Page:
How it’s changed: The new algorithm will control ads that appear to U.S. users of Facebook, Instagram, and Messenger. Meta will roll it out by December.
- The company now allows advertisers to define the eligible audience for an ad based on variables like location, interests, and online activity but not age, sex, race, or ethnicity.
- For any given ad, the algorithm periodically monitors and corrects for differences between the actual and eligible audiences. Say, the system serves a housing ad that’s intended for park-going birdwatchers in New York City. If it ends up being viewed only by park-going, bird-watching Latina women in their 40s, the algorithm will retarget it in a way that’s more likely to reach people of other ethnic backgrounds, genders, and ages.
- It assigns a heavier weight to members of the eligible audience who have viewed more ads in the last 30 days. The settlement doesn’t explain the reason for this requirement, which appears to encourage the system to show more ads to more-active users.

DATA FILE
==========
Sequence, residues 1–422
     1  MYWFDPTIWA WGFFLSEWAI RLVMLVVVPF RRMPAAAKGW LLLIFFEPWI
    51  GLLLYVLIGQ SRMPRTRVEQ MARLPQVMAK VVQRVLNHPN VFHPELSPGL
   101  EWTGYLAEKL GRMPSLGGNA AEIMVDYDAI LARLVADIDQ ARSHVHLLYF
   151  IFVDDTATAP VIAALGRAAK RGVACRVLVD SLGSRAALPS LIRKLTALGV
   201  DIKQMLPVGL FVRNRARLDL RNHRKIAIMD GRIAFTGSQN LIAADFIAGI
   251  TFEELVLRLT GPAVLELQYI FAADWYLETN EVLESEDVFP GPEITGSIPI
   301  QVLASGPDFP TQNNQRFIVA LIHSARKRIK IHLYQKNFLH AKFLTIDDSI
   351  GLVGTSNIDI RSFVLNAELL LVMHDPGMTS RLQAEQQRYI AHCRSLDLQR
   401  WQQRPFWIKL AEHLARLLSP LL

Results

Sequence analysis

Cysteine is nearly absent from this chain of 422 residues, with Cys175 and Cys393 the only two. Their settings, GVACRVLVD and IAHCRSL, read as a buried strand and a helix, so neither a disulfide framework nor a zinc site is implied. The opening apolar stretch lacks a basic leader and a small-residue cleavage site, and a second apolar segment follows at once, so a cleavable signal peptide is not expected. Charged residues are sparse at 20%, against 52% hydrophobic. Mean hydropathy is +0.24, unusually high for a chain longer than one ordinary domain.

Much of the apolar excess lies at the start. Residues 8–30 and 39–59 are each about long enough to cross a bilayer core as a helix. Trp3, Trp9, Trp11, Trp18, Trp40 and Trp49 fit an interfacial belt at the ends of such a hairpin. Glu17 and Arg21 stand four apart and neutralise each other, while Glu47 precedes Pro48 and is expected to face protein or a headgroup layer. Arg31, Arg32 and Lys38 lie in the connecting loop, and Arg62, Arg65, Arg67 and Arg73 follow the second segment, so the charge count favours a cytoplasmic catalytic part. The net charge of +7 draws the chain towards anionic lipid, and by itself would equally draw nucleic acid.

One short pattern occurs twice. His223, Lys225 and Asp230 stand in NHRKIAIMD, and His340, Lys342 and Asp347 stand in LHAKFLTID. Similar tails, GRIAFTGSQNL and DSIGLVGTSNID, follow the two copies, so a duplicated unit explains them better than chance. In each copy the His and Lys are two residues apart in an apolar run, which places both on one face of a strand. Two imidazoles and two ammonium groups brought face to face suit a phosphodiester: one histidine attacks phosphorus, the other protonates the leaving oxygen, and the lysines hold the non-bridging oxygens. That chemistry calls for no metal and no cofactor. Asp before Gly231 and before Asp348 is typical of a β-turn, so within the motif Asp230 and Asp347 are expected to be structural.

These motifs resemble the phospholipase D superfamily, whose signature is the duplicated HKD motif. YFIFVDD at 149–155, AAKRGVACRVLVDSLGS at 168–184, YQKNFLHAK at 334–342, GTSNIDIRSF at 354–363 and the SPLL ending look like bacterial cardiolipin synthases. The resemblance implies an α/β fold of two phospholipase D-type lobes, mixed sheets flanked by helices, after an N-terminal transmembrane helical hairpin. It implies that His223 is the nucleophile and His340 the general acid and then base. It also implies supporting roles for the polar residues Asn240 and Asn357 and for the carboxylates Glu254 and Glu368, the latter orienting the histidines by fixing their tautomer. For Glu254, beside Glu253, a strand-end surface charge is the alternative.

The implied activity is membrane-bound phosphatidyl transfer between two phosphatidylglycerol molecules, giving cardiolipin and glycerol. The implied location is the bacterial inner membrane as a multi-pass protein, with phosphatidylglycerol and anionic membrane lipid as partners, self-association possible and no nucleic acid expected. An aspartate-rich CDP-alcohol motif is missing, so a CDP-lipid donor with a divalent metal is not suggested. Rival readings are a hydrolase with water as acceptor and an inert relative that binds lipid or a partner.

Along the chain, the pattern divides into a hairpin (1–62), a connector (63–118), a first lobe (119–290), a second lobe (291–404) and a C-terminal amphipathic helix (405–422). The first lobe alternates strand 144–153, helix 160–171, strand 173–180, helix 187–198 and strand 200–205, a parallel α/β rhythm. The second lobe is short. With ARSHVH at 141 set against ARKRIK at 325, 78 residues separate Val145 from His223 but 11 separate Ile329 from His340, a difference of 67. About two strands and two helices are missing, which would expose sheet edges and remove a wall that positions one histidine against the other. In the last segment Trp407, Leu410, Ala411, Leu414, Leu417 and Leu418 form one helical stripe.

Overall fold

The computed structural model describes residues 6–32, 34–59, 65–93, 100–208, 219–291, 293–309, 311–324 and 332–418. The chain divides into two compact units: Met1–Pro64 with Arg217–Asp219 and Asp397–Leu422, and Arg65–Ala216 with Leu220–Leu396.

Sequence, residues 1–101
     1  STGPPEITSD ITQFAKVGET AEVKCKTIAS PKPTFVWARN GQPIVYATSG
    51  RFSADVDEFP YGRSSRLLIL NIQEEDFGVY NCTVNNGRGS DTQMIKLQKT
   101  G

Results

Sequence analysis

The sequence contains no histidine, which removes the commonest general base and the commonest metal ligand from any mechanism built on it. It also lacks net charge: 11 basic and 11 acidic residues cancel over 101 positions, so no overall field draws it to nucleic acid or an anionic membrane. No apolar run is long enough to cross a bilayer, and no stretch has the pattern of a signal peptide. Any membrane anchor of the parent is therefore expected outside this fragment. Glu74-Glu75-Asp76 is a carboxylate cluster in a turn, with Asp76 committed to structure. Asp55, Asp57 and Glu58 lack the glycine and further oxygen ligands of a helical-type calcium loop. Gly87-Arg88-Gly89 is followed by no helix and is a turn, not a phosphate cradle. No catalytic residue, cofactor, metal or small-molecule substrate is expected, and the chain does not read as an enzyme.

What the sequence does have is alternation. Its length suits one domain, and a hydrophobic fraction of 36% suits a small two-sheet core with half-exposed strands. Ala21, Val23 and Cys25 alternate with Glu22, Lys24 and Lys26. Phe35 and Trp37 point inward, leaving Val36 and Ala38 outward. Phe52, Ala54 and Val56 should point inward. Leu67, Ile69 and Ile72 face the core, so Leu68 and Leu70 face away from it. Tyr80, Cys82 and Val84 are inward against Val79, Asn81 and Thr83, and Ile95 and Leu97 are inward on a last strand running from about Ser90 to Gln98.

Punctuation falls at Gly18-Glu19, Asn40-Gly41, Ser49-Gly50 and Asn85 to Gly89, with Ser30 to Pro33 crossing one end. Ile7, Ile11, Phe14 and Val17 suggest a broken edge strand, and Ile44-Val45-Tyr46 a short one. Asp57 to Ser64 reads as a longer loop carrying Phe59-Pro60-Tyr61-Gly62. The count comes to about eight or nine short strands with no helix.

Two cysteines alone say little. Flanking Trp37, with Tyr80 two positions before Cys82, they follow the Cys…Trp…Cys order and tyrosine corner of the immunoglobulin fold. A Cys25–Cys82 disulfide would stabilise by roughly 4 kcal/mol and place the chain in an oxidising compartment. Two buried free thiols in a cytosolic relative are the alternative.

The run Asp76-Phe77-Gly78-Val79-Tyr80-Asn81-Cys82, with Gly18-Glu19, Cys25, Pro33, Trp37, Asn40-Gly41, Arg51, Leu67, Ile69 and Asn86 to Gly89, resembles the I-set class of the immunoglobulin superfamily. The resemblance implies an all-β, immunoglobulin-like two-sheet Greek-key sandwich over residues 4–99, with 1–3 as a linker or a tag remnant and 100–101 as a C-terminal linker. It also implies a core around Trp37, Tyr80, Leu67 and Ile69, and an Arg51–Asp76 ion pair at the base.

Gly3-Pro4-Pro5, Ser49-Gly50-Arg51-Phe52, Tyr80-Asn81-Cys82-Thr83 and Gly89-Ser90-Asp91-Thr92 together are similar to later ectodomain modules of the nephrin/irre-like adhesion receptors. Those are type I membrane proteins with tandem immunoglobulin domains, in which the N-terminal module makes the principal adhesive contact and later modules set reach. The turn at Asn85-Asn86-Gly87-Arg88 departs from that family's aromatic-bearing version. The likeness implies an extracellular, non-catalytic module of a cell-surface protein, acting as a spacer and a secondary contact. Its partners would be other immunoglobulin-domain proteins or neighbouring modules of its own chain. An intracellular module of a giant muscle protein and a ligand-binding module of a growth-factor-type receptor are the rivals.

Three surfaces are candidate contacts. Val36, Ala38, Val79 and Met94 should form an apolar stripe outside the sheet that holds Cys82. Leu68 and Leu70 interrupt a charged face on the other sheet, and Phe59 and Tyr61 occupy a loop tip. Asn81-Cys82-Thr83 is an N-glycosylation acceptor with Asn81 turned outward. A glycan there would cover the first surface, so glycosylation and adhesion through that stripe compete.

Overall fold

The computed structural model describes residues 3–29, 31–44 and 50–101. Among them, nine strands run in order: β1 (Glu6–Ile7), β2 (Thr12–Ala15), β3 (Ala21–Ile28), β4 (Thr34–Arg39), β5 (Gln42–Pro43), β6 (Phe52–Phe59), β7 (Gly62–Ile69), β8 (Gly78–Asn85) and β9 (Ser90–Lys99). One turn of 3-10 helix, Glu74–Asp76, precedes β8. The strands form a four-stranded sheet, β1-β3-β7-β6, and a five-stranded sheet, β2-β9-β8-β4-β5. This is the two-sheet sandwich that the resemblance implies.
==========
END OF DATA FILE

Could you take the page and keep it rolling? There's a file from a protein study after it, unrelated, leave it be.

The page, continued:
- Meta will report the algorithm’s results every four months to the U.S. Justice Department and a third party nominated by the company and approved by the government.
Behind the news: The update is part of a settlement between Meta and the U.S. Justice Department, which found that the company had violated laws against discrimination in housing. Meta also agreed to terminate a different system that was intended to enforce a more even distribution of ads but was found to have the opposite effect. It will pay a fine of $115,054, the maximum penalty under the law.